by Chris Fitzsimon, NC Policy Watch and NC SPIN panelist, October 24, 2014.
The backlash over the federal court rulings about marriage equality in North Carolina took another ugly turn this week with the blessing and even encouragement of a top Republican official in the state, House Speaker Pro Tem Paul Stam.
Stam held a news conference Thursday to endorse a ridiculous proposal from Senate President Pro Tem Phil Berger to allow magistrates and registers of deeds to refuse to marry same-sex couples if they claim it would violate their religious beliefs.
But marrying people who are eligible to be married is part of a magistrate’s job and same-sex couples are now eligible to be married under the recent federal court rulings.
As absurd as the idea is, it paled in comparison to the bigoted rhetoric at Stam’s news conference from a Fayetteville minister, Johnny Hunter with Cliffdale Community Church.
Hunter, with Stam standing behind him, called on John Arrowood, an openly gay candidate for the N.C. Court of Appeals, to withdraw from the race, calling him a “flaming homosexual” whose work against the marriage discrimination amendment in 2012 should somehow disqualify him from serving on the court.
Hunter didn’t stop there, asking “Why would I put a Klansman in charge of civil rights?”
Putting aside Hunter’s asinine logic—which would mean female judges could never hear arguments about gender discrimination or more to the point, a fundamentalist Christian shouldn’t be allowed on the court either—it’s hard to decide what’s more offensive, his bigoted rhetoric or that Stam stood idly by while he spewed it.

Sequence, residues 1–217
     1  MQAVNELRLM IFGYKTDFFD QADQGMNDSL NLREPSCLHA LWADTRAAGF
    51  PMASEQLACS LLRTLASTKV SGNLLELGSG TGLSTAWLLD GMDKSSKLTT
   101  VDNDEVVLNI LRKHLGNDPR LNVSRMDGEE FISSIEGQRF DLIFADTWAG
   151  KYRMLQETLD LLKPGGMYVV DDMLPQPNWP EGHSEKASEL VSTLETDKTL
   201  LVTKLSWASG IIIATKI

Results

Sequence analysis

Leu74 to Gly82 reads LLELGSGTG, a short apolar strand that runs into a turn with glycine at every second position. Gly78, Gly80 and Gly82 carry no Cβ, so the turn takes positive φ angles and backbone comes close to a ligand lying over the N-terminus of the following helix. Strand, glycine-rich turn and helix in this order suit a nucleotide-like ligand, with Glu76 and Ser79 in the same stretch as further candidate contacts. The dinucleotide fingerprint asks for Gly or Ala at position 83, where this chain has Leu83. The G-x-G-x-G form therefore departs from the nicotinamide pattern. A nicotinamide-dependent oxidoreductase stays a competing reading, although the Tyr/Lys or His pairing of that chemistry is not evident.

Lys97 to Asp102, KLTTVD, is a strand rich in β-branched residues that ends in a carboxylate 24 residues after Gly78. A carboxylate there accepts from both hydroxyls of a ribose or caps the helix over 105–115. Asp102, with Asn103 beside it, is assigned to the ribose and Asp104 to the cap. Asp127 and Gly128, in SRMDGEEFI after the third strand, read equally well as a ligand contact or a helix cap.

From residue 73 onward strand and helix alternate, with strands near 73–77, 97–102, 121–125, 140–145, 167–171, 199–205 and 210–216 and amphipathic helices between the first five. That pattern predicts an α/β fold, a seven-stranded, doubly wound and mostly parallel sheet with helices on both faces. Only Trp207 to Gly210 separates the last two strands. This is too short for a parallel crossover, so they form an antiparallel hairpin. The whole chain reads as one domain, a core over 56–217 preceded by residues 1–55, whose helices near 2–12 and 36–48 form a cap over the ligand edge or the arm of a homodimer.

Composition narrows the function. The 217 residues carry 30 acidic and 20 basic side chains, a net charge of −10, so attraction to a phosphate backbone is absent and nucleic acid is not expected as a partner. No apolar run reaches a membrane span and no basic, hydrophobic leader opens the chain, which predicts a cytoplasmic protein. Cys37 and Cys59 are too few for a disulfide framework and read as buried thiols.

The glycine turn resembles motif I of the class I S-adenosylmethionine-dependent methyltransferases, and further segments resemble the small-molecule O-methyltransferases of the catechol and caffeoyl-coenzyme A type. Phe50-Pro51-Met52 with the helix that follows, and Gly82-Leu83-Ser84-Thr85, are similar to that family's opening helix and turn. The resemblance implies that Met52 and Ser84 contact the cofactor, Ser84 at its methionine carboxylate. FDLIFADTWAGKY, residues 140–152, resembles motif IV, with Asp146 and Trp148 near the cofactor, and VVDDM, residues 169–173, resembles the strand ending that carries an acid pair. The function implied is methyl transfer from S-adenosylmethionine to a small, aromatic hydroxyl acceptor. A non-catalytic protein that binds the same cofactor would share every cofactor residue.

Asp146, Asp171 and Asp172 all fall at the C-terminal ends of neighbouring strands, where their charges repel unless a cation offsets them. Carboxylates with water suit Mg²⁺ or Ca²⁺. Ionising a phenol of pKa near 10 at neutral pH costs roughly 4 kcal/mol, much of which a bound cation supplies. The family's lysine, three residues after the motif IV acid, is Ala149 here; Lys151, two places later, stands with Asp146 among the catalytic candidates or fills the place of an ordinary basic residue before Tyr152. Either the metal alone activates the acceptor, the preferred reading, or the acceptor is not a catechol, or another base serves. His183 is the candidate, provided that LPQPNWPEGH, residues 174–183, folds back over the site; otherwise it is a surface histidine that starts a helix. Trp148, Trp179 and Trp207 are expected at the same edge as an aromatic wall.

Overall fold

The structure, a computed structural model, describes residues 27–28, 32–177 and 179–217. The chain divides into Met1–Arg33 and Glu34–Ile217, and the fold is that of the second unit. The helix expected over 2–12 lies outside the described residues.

It harkens back to the public debate over the marriage discrimination amendment in 2011, when Republican lawmakers stood shoulder to shoulder with ministers who bellowed that gay people were an abomination and going to hell.
Somebody needs to ask Stam, and Thom Tillis and Pat McCrory for that matter, if they believe that being gay is similar to being part of the Klan and if they agree that gay men and women should not be allowed to be judges in North Carolina.
More jobs hyperbole from McCrory’s office
The spin machine in the governor’s office is working overtime these days, cranking out press releases for everything imaginable especially job announcements. And it doesn’t matter how many jobs are created.
This week Gov. McCrory’s office breathlessly announced that DuPont was adding 18 jobs to its sizable facility in Kinston. That’s right 18 jobs. And not all at once mind you, but over three years.
DuPont is an important employer in Kinston and already employs 750 people across the state and any well-paying jobs are welcome these days.
But a press release touting an announcement that a company is adding six jobs a year over the next three years?
And of course DuPont is receiving help for the small job creation, an $80,000 grant from the state. No way the company could afford to add all those jobs on its own.
It really does make you wonder where the incentives and the press releases stop. A new McDonald’s or Starbucks would employ more than six people. Will they start getting incentives too and will McCrory’s office starting issuing press releases when they open?
Don’t bet against it.
Unemployment insurance chief turned partisan political commentator
The folks at the Pope Civitas Institute are holding their final poll luncheon before the election next week—not the branch of the group that is working directly to help Republican candidates get elected, the branch that is supposed to be a nonpartisan organization issuing legitimate polls, though the two branches are run by the same people.
The guest speaker for the event is none other than Dale Folwell, currently the Assistant Secretary of Division of Employment Security—in other words the person who oversees the state’s unemployment insurance system.
Maybe it’s just me, but it seems a little unusual for a state official that is supposed to be in charge of making sure people get the their unemployment checks to be appearing as a political commentator at an event held by a right-wing group that advocated for slashing benefits and has a sister organization that runs attack ads against candidates.